"It's almost like there is this little voice on their shoulder," said Dan Pisner, who has let his son Elliot, 17, a Sherwood senior, hold several coed sleepovers.
Elliot agreed. "It's true," he said. "You feel happy you are allowed to just be together and have one. We usually spend a lot of time talking and listening to music all night."
Parents have developed techniques for keeping an eye on the teenagers. "You keep the serving bowls for snacks small. That way you have the pretext to go down there and refill," said Edna Breit, whose son Ilan, 17, is a senior at Rockville High School and has hosted several of the parties.
About 12 to 20 students typically come to the Breit house, bringing sleeping bags. They take a dip in the hot tub--with bathing suits on--and watch movies and talk, Edna Breit said.
"I just feel it's definitely better than going to hotels, and this way you know all the kids who are coming over, you know who they are with," she said. "It's not as random."
Joel Moss said he runs a "tight ship," checking off everyone's name as they arrive and then locking the house so that no one can leave and then return. He also warned J.D. that he would lose his car if anyone was caught using illegal substances.
"There are very clear rules," Moss said. "And they all sleep in one big room in the basement, so I doubt they're exhibitionists and are doing anything sexual in front of each other. Plus, I do look in on them."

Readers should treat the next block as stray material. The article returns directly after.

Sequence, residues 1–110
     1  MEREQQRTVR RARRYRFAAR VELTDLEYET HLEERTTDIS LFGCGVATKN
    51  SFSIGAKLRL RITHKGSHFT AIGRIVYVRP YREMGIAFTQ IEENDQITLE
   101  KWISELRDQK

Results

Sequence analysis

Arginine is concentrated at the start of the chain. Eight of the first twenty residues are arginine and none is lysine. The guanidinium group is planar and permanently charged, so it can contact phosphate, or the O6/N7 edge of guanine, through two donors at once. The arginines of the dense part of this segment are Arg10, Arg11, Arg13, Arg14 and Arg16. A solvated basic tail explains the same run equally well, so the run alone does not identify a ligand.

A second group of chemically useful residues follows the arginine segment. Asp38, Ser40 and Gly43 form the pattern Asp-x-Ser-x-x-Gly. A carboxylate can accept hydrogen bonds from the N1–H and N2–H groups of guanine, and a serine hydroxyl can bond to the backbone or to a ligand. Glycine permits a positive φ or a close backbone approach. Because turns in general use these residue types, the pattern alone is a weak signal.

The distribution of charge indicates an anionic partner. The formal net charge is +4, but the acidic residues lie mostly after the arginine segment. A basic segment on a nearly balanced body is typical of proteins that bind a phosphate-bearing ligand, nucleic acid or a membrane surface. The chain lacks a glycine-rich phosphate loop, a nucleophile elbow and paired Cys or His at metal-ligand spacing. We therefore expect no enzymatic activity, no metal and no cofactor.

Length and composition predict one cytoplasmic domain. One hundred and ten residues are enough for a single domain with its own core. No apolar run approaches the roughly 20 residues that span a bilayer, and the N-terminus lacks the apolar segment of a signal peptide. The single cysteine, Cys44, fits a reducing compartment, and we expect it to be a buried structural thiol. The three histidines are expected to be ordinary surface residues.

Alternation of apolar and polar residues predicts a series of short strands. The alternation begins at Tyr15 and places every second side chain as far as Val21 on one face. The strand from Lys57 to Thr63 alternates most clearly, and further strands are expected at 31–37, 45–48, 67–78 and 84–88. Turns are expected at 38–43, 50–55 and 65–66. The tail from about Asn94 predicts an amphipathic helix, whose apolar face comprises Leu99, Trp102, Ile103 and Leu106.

Kathy Szymanski, whose daughter, Jessica, is a junior at George Mason High School in Falls Church, said she finds out about the person hosting a sleepover before allowing her daughter to go.
But many educators are skeptical. "I am a little leery of these," said Tim Evans, a social studies teacher and co-adviser to the senior class at Woodson High School in Fairfax. "It's sort of a cop-out to say, 'Well, at least they aren't in hotels.' They shouldn't be in hotels anyway. It's this slippery slope. It's like saying, 'We know you are going to drink so you might as well do it in our house.' "
Ray Anderson, principal of H.B. Woodlawn High in Arlington, said the parties are a bad idea unless the parents who host them are willing to stay up all night.
"The parents might be upstairs in their bedroom, conked out, and there might be wild behavior down below," Anderson said. "If the kids are going to be up all night, then the parents have to be up all night."
Many parents said they try to stay up until about 2 a.m. and then make other checks if they wake up during the night. But ultimately, several parents said, they have to trust their teenagers.
At Katie Orr's house in Olney, 10 students from Sherwood High and Magruder High arrived on a recent weekend carrying sleeping bags and snacks. They sprawled out in the living room, munching on potato chips and apples. They watched "Gossip," a movie about the spreading of rumors in school.
There was giggling and talking, but nothing that would cause any rumors on Monday, the students said later.
Laura Krass, who went to the Orrs' party, said her father was reluctant to let her go to the sleepovers but agreed when she explained that it would be like any other night of hanging out with her friends. The only difference, she told him, was that this night would stretch until dawn.
"It's their custom now," said Errol Krass. "Sometimes you can take the moral high ground and say no. But at some point, you have to have some level of trust."